Picture of BHSB (Big Honkin' Sandin' Block)
One day I put a brand new belt on my trusty 3x24 belt sander and got to work fairing some things out. Then I hit a snag, literally. I missed a screw that was still poking sharp point out and it cut my new belt into two small belts which then proceeded to slap me silly. After I got done throwing things and swearing, I put another new belt on and finished sanding. Later in the day I was cleaning up a bit and started to throw the ruined belt in the garbage and I decided I ought to find a way to use what remained. The BHSB is what I came up with, they’ve worked out so well that I make them with new unused belts now.
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Step 1: Prepping the belt

Picture of Prepping the belt
You’ll want to cut the belt in half, and then cut out the taped joint. Believe me when I say this taped joint is NOT strong enough to survive what we are going to do to it later.

Step 2: The Wood Components

Picture of The Wood Components
You’ll need to mill up a top and bottom board and then a couple clamp/spacers. I usually mill everything so that they are about 1/8 of an inch or so narrower than the belt I’m planning on using so that the belt can flex some up both sides by about a 1/16th. The top and bottom boards get cut to about 4” or so less in length than the belt. Cut the bottom board in half, and attach one of the spacers at the joint on one side only.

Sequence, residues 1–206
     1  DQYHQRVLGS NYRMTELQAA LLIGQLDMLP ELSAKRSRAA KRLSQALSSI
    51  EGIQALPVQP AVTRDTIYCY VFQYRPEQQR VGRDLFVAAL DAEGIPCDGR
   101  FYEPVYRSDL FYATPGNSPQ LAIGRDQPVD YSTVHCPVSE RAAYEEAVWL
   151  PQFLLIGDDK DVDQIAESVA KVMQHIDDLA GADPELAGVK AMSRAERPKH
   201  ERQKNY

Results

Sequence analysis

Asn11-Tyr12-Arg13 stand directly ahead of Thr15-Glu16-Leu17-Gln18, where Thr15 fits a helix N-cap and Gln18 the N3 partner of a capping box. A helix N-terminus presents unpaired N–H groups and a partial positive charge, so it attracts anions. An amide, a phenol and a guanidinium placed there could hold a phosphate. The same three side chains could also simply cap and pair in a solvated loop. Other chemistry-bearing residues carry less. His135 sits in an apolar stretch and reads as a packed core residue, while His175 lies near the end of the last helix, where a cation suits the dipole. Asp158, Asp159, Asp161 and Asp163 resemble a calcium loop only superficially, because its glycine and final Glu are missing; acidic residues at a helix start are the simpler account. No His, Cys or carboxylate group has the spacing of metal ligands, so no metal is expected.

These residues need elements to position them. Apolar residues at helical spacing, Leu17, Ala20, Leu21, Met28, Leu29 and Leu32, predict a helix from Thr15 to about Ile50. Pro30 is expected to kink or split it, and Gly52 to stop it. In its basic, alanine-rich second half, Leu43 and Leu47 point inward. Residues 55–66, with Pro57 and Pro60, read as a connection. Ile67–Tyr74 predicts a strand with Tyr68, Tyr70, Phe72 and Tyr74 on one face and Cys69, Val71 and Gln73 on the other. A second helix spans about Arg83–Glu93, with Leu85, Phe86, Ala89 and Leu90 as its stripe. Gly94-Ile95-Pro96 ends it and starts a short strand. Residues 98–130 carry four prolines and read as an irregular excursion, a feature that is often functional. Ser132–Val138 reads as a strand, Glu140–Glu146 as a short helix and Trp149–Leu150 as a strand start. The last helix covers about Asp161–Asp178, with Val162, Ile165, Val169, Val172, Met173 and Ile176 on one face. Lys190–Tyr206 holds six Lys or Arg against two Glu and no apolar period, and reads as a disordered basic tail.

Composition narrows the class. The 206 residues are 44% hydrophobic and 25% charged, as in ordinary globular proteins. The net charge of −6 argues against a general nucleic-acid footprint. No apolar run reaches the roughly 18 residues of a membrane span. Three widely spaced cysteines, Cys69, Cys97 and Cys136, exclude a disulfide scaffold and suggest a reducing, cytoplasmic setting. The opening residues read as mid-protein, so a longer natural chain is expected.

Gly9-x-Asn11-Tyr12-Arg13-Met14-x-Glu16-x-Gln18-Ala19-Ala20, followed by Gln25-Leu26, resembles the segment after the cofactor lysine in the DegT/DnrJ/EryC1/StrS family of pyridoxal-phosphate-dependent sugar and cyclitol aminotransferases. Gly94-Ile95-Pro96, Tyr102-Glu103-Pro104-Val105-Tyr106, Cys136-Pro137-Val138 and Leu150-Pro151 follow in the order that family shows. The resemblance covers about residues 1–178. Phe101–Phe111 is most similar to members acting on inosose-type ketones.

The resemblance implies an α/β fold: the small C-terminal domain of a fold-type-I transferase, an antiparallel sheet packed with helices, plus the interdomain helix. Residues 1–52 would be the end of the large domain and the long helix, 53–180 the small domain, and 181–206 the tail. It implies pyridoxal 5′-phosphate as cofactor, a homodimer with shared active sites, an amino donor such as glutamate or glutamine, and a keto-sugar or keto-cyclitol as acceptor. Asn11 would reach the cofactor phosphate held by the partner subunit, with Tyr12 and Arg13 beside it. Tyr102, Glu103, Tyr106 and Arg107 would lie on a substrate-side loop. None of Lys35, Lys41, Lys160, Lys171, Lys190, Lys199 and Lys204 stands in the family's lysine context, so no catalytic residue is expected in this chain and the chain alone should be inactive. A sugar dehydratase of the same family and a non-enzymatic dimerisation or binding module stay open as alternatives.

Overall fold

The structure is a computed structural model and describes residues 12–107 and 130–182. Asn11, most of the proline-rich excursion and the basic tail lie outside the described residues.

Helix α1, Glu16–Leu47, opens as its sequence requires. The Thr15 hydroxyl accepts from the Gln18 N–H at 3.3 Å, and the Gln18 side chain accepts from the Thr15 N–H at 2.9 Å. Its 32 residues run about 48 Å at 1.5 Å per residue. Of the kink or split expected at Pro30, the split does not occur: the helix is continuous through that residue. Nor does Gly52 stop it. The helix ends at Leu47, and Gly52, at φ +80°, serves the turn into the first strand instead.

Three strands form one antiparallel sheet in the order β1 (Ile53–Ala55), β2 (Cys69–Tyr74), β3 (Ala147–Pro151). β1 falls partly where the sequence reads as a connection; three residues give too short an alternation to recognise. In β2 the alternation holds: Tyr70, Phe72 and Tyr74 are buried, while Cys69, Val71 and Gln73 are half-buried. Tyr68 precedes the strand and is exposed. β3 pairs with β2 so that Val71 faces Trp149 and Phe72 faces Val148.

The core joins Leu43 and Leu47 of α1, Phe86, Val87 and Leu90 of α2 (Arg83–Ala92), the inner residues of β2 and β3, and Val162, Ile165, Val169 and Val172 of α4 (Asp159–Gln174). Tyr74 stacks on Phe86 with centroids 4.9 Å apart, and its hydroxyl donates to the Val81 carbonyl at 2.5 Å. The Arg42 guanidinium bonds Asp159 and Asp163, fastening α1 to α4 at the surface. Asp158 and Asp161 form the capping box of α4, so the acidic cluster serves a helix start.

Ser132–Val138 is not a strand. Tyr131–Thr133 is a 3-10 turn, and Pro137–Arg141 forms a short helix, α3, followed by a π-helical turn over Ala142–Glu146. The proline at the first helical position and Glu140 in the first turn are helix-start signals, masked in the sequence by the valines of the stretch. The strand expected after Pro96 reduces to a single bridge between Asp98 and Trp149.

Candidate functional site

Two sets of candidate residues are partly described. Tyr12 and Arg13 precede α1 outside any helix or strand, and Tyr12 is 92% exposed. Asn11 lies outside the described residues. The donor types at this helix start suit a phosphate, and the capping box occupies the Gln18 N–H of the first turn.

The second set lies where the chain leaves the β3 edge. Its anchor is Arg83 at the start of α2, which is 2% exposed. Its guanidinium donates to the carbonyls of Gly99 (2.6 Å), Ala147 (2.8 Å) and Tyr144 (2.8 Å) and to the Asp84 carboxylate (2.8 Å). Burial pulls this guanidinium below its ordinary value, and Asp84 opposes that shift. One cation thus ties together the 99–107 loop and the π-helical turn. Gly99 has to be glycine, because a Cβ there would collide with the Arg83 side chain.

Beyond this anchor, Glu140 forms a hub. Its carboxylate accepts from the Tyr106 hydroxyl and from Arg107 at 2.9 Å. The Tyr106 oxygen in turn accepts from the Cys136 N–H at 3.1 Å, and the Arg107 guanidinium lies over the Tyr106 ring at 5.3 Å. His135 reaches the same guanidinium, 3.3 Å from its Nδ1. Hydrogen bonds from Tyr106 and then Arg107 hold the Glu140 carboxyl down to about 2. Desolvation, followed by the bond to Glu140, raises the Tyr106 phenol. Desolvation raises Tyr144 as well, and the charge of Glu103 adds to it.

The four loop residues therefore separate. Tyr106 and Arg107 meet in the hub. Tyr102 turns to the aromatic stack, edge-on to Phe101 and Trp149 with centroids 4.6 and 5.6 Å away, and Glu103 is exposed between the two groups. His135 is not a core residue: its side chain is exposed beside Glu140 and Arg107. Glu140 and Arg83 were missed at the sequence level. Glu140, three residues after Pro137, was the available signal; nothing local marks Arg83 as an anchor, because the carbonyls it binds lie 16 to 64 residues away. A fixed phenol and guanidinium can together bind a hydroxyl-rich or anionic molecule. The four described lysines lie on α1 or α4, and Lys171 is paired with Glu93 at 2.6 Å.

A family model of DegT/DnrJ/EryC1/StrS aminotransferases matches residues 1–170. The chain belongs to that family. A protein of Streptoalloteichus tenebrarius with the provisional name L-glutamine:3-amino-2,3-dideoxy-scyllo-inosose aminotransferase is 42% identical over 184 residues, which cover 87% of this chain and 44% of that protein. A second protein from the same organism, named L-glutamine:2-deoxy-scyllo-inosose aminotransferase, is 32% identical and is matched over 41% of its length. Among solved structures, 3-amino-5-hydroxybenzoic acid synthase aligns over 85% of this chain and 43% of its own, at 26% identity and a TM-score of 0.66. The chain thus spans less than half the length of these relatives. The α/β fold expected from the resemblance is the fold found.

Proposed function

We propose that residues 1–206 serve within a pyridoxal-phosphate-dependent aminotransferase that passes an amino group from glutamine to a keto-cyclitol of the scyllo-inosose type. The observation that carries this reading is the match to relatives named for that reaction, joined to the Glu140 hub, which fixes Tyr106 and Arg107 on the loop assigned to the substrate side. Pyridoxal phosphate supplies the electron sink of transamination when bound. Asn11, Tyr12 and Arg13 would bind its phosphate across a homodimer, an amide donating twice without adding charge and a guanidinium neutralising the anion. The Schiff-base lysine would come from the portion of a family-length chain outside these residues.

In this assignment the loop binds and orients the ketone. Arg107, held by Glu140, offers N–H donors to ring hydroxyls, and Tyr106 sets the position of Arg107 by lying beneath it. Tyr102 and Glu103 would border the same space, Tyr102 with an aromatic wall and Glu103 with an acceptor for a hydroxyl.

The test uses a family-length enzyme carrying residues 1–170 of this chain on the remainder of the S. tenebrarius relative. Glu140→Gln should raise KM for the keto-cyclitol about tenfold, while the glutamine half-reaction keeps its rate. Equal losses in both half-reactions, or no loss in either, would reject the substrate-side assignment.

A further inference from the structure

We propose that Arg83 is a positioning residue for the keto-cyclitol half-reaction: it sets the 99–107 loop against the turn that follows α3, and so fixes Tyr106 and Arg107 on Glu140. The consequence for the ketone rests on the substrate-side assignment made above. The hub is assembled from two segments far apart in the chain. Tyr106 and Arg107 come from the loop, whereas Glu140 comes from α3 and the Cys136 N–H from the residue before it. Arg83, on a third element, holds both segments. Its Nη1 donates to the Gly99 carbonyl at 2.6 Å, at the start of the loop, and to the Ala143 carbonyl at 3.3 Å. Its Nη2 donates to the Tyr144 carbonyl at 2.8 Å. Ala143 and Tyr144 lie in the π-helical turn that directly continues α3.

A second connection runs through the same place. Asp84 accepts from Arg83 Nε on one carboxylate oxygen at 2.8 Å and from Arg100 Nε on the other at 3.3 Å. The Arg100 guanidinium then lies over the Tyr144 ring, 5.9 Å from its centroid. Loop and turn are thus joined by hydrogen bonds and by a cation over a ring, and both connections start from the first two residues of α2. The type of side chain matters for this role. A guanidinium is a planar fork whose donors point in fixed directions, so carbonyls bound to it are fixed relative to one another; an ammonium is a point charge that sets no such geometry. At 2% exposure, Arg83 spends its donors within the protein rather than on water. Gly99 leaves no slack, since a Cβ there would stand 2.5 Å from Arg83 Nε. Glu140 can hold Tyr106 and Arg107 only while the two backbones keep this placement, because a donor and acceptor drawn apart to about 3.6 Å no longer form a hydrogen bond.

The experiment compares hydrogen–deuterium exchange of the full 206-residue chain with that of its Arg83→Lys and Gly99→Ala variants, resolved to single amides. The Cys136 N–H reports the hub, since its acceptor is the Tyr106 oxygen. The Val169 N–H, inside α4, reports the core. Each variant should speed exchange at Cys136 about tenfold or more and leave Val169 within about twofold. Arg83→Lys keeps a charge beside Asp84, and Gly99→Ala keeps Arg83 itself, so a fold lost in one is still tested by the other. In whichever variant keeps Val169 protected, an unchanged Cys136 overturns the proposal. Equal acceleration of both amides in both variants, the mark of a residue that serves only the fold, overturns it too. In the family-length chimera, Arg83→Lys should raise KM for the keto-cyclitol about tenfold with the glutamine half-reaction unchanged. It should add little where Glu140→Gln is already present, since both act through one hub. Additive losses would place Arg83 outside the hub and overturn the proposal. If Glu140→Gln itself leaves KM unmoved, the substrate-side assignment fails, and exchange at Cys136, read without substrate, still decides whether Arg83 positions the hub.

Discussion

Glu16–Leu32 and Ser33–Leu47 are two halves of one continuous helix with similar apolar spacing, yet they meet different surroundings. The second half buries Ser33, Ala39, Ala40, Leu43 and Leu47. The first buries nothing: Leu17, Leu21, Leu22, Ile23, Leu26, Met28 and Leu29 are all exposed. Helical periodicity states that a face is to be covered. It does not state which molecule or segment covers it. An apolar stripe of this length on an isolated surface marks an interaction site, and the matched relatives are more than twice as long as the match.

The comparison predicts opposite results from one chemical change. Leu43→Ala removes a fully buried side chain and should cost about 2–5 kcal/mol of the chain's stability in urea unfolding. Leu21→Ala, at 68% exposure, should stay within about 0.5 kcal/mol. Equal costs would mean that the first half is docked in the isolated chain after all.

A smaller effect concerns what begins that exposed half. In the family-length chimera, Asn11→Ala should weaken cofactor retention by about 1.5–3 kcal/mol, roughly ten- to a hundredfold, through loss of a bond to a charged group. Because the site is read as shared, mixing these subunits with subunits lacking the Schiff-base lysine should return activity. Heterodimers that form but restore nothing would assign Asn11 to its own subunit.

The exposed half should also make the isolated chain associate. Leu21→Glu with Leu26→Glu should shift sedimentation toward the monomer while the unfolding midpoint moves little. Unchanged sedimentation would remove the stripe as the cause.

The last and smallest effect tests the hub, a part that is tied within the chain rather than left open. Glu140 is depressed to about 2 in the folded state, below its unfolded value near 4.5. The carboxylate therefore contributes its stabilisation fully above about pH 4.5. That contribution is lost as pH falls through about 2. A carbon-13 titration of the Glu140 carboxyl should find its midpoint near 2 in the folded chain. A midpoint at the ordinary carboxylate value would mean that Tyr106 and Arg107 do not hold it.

Step 3: Putting it together

Picture of Putting it together
Wrap the belt up and over the end of one of the bottom boards and then clamp it down with a couple screws through the spacer block
spinach_dip8 years ago
Cool, that looks easy to make. Now tell me what it's good for. Why would I pick this tool over my random orbital sander?
SmileyStarfish (author)  spinach_dip8 years ago
I'm using them to get surfaces flat over large areas, and careful shaping. The random orbital and belt sanders have their places but gentle shaping and taking out the highs and lows aren't them, they tend to ride in and out of the lows whereas a stiff sanding board stays on top and makes depressions easy to spot and thus fill.
That's actually a pretty cool idea. I made a buther block cutting board for a girlfriend a couple years ago without the benefit of a jointer or a planer. To form the butcher block required sanding the top and bottom perfectly flat so I could cut, rotate,and glue them up again. What I had anticipated being a three or four hour project turned into a seemingly endless nightmare of sanding, cursing, sanding, cursing, etc. The belt sander just sank right into the lows rather than resting only on the high spots. This would have been awesome for that.